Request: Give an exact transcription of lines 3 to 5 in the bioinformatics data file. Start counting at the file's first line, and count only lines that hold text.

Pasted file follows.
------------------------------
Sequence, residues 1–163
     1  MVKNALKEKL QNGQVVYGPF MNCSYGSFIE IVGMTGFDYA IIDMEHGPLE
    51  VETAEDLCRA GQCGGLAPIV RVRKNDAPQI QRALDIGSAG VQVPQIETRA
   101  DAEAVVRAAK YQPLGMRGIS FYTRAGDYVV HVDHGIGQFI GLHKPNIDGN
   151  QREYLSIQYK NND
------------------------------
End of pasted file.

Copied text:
    51  VETAEDLCRA GQCGGLAPIV RVRKNDAPQI QRALDIGSAG VQVPQIETRA
   101  DAEAVVRAAK YQPLGMRGIS FYTRAGDYVV HVDHGIGQFI GLHKPNIDGN
   151  QREYLSIQYK NND